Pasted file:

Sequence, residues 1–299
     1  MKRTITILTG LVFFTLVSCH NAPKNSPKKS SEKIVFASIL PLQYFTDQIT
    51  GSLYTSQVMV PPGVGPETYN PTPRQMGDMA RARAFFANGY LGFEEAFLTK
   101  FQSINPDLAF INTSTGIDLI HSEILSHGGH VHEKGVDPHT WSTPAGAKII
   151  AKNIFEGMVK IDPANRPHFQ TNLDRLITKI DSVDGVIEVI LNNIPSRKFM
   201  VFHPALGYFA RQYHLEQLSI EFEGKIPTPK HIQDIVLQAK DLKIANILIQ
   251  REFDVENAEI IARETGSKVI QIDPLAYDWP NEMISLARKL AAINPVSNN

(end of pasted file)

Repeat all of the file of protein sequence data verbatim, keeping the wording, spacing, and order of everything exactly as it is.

Sequence, residues 1–299
     1  MKRTITILTG LVFFTLVSCH NAPKNSPKKS SEKIVFASIL PLQYFTDQIT
    51  GSLYTSQVMV PPGVGPETYN PTPRQMGDMA RARAFFANGY LGFEEAFLTK
   101  FQSINPDLAF INTSTGIDLI HSEILSHGGH VHEKGVDPHT WSTPAGAKII
   151  AKNIFEGMVK IDPANRPHFQ TNLDRLITKI DSVDGVIEVI LNNIPSRKFM
   201  VFHPALGYFA RQYHLEQLSI EFEGKIPTPK HIQDIVLQAK DLKIANILIQ
   251  REFDVENAEI IARETGSKVI QIDPLAYDWP NEMISLARKL AAINPVSNN